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US aid to Israel and the rights of Palestinian children

U.S. Congress representative Betty McCollum and her colleagues reintroduced the “Defending the Human Rights of Palestinian Children and Families Living Under Israeli Military Occupation Act” earlier this month in the 118th Congress.

This legislation aims to prevent the Israeli government from using U.S. taxpayer dollars in the occupied West Bank to engage in activities such as military detention, abuse or ill-treatment of Palestinian children in Israeli military detention; the seizure and destruction of Palestinian property and homes, which violate international humanitarian law; or any assistance or support for the unilateral annexation of Palestinian lands also in violation of international humanitarian law.

“Not $1 of U.S. aid should be used to commit human rights violations, demolish families’ homes, or permanently annex Palestinian lands,” Congresswoman McCollum said.

“The United States provides billions in assistance for Israel’s government each year – and those dollars should go toward Israel’s security, not toward actions that violate international law and cause harm. Peace can only be achieved when everyone’s human rights are respected, and Congress has a responsibility to not ignore the well-documented mistreatment of Palestinian children and families living under Israeli military occupation,” she continued.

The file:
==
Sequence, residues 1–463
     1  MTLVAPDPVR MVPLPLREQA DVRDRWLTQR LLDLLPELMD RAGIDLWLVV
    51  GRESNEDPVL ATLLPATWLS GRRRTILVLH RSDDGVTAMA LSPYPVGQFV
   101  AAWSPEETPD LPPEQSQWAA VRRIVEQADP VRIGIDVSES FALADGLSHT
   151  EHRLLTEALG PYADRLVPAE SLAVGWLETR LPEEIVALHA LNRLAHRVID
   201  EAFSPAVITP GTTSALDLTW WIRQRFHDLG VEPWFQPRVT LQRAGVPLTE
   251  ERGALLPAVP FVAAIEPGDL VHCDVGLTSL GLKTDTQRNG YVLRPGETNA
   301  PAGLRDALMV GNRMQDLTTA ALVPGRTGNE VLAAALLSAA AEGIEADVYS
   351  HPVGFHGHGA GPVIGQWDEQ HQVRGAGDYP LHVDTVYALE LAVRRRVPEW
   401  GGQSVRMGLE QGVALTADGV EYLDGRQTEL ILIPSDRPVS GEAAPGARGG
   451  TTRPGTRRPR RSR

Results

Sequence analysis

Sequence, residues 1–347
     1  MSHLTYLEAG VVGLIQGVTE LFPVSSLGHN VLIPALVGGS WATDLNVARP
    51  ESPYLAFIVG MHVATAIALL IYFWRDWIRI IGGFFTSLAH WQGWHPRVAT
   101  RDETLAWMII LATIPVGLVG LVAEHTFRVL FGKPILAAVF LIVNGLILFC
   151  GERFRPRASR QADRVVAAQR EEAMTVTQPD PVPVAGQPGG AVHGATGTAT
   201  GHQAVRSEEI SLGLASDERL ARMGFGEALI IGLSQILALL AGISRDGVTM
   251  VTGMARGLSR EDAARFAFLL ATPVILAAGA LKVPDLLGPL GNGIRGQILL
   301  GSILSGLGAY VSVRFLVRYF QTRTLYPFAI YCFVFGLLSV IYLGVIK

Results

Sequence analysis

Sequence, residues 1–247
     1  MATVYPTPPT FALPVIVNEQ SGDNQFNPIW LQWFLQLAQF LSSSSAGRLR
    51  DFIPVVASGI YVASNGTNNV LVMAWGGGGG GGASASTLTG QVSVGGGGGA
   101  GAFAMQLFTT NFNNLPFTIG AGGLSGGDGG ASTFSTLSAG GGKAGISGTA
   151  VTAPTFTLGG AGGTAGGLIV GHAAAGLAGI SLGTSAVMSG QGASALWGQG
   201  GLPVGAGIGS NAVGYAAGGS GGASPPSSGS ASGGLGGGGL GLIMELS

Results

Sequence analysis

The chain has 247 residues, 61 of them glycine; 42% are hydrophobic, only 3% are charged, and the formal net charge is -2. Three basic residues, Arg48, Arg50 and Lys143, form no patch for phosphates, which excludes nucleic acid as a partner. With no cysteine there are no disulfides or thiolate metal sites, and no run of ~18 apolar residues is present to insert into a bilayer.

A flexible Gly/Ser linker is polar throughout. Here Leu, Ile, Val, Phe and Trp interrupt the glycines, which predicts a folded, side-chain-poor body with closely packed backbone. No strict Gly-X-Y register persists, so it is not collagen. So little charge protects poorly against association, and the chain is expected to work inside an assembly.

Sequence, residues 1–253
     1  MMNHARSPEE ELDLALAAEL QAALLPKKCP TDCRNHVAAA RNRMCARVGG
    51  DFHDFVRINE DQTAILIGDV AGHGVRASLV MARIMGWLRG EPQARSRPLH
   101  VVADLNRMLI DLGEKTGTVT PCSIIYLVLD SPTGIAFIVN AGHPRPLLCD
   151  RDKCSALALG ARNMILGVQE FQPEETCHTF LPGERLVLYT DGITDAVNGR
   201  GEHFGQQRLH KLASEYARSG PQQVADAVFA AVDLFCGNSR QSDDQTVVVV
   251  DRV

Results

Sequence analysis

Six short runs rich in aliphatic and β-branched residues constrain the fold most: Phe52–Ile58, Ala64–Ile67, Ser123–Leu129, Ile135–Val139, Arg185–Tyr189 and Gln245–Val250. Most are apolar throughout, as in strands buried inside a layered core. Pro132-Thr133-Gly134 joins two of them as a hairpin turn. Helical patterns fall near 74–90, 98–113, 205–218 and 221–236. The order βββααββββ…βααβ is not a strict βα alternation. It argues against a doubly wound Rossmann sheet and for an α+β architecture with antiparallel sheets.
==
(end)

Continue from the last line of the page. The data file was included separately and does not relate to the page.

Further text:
McCollum cited support from 16 Congressional colleagues and 75 Arab, Jewish and Christian organizations.

“Support is growing rapidly for the Palestinian people, who deserve justice, equality, human rights and the right to self-determination. Prominent civil society groups, as well as Christian, Jewish and Muslim organizations, have signed on in support of this bill – because we all agree that no Palestinian child and no Jewish child should go to bed at night fearing ongoing violence. There is a path to a peaceful future, and it requires leading with our U.S. values of democracy and equal justice for all.”

Escalating Israeli military violence

The legislation comes in the wake of five months of violence by Israel’s military and Israeli settlers, which has taken more than 100 Palestinian lives.